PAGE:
So the idea of the Chinese arming independence activists is ridiculous on its face and completely unrealistic. I can’t imagine anyone in the movement accepting arms from China, both because it goes against the non-violent philosophy, and because it would be incredibly stupid and dangerous and counterproductive. This is simply Chinese propaganda and shouldn’t be taken seriously as something that has any chance of ever actually coming to pass.

But the larger point here is simply that there are certainly elements within the Chinese government who are quite aware of the history of the U.S. claim to sovereignty in Hawaii, and the movement to end the occupation.

I also found it interesting that then-Secretary Clinton responded to the 2012 Chinese threats of claiming Hawai‘i by saying “we’ll go to arbitration and prove we own it. That’s what we want you to do.”  Of course we know that the U.S. has never proved that we own Hawai‘i, and all evidence that I have seen supports the fact that we do not, and have never had a valid claim. And if it was truly arbitrated, that’s what would be proven by the facts of history and law.

Also, one correction. The article says, “Some U.S. archival material shows U.S. authorities acted on their own in the 1898 annexation, [Pillsbury] said, something Congress later investigated.” First off, he’s actually referring to the invasion of 1893. Of course it was Congress that passed the Newlands Resolution purporting to annex Hawai‘i, for military purposes in the Spanish-American War, after their failure to ratify the treaty of annexation due in large part to the Ku‘e Petition (which every Hawaiian today can find ancestors who signed). It was the invasion of 1893 which Congress later investigated and claimed was the result of the U.S. Minister acting without authority in conspiracy “with a small group of non-Hawaiian residents of the Kingdom of Hawaii.” But we now know, thanks to the research of Buzzy Agard, that the U.S. planned and executed the invasion and overthrow from the very top.

Sai: Understanding the Assn of Hawaiian Civic Clubs Resolution

Understanding the Association of Hawaiian Civic Clubs Resolution No. 14-28 in Light of the Rules Governing Resolutions

Presentation by Dr. Keanu Sai

Please join us on Wednesday, Feb. 11, 2015 @ 6:30 pm sharp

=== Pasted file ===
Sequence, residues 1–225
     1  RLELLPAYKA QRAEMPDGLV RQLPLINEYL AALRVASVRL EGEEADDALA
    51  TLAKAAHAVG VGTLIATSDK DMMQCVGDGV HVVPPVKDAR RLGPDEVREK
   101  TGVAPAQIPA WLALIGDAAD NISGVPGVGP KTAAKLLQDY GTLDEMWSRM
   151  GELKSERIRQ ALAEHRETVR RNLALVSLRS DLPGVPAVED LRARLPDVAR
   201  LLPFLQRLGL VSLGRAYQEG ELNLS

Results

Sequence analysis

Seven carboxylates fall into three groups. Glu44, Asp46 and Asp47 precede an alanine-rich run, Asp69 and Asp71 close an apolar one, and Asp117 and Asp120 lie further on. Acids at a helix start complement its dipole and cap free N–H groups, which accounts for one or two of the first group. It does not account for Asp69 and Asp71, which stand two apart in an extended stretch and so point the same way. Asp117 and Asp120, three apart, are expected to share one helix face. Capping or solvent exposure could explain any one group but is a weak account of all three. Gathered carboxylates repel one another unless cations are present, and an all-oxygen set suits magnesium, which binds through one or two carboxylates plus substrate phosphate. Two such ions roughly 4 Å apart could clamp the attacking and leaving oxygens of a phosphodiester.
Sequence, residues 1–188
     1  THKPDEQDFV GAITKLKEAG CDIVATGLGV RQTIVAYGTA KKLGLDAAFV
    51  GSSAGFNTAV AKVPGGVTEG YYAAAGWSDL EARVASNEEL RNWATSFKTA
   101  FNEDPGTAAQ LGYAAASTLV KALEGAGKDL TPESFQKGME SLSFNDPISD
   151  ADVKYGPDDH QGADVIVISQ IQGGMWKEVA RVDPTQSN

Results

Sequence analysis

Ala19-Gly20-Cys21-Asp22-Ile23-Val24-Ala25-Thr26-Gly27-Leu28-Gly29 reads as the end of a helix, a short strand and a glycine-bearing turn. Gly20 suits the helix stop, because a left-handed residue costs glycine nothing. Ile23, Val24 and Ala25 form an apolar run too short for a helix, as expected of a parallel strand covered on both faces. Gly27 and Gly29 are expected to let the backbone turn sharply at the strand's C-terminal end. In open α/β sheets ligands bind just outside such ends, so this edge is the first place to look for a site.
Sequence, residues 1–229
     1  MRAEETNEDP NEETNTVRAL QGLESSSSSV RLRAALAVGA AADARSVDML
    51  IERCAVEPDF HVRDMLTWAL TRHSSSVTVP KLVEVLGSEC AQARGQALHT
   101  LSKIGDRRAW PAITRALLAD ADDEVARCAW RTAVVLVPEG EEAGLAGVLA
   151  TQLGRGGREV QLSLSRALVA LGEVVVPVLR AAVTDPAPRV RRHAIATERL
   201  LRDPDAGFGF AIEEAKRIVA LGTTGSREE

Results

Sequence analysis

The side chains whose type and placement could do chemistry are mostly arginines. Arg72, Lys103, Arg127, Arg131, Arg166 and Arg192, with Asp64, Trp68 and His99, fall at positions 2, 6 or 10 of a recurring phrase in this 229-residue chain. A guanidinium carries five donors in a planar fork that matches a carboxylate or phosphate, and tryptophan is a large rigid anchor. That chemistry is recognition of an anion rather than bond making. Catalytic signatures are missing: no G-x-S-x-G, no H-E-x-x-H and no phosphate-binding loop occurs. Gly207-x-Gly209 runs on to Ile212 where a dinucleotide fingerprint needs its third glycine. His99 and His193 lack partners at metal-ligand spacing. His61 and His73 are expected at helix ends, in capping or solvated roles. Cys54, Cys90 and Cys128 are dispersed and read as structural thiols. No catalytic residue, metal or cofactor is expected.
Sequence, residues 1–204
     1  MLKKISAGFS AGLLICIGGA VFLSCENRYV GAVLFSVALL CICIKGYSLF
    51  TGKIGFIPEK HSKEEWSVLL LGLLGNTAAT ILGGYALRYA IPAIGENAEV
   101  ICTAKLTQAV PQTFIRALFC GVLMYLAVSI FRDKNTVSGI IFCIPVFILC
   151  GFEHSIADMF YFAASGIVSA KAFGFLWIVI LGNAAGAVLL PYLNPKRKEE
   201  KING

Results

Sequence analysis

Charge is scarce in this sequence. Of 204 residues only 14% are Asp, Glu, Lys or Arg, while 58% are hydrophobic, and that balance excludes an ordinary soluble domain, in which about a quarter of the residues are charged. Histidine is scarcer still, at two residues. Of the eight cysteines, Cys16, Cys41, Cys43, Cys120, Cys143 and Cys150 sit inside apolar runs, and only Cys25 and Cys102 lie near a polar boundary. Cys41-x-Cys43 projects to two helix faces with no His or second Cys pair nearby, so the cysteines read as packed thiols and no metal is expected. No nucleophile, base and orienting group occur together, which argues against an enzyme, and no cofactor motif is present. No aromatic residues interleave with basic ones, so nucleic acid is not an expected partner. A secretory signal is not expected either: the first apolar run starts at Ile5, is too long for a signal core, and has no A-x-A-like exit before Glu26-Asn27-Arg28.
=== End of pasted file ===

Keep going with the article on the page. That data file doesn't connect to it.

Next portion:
Olelo Mapunapuna Studio
Mapunapuna Community Media Center
1122 Mapunapuna St. Honolulu HI

Free parking available in the lot and on the street
This event is free and open to the public

About Dr. Sai

Dr. Keanu Sai received his Ph.D. in political science from the University of Hawai‘i at Manoa. His doctoral research focused on Hawai‘i’s legal and political history since the 18th century to the present. He is the author of the Association of Hawaiian Civic Clubs Resolution no. 14-28 “Acknowledging the Continuity of the Hawaiian Kingdom as an Independent and Sovereign State.” Dr. Sai is also a member of Ka Lei Maile Ali‘i Hawaiian Civic Club and Prince Kuhio Hawaiian Civic Club.

About the Association of Hawaiian Civic Clubs (AHCC) 

The Association of Hawaiian Civic Clubs is the oldest Hawaiian community-based grass roots organization founded in 1918 by Prince Jonah Kuhio Kalanianaole, Delegate to the U.S. House of Representatives.  It is a confederation of 67 Hawaiian Civic Clubs located throughout the Hawaiian Islands and the U.S.

At the Association’s annual convention at Waikoloa, Hawaii Island, in 2014, the House of Delegates passed Resolution 14-28 Recognizing the Continuity of the Hawaiian Kingdom.  Dr. Sai examines the passage of that resolution and its implications within the context of the Association’s constitution.

Sponsored by Ka Lei Maile Alii Hawaiian Civic Club and Hawaiian Kingdom Media

For more info, email

AHCC Resolutions-What are they (PDF)

“Mai Poina: The Trial of a Queen” — a living history performance

Mai Poina: The Trial of a Queen

Reservations are filling up fast for “Mai Poina: The Trial of a Queen,” a living history performance led by Hawaiian scholars and leaders. The historic reenactments will take place in Aliʻiōlani Hale, the former seat of government of the Kingdom of Hawaiʻi.

In 1895, two years after the overthrow of the Hawaiian monarchy, Queen Liliʻuokalani was arrested and tried by an American court for allegedly allowing an uprising against the new republic by her followers. She was found guilty of treason.

During the living history performance, audience members will be transported to a Honolulu of 1895 by costumed role-players who will discuss then reenact the queen’s trial.

Attendees will receive a viewer’s guide that supplies a historical timeline, essays by Hawai‘i history and legal scholars, primary sources in Hawaiian with translations, and archival photographs from the period.


February 20 and 27
7 p.m.

February 21 and 28
7 p.m.

February 22 and March 1
2 p.m.

Aliʻiōlani Hale across from ʻIolani Palace

To reserve a space go to the event registration website or call 534-8880. Admission is free, but courtroom seating is limited.

Event webpage


Overthrow commemoration events coverage

Thanks to Leon Siu, here are links to clips that ran on KITV and KHON TV news regarding last week’s overthrow commemoration events.

For other clips go to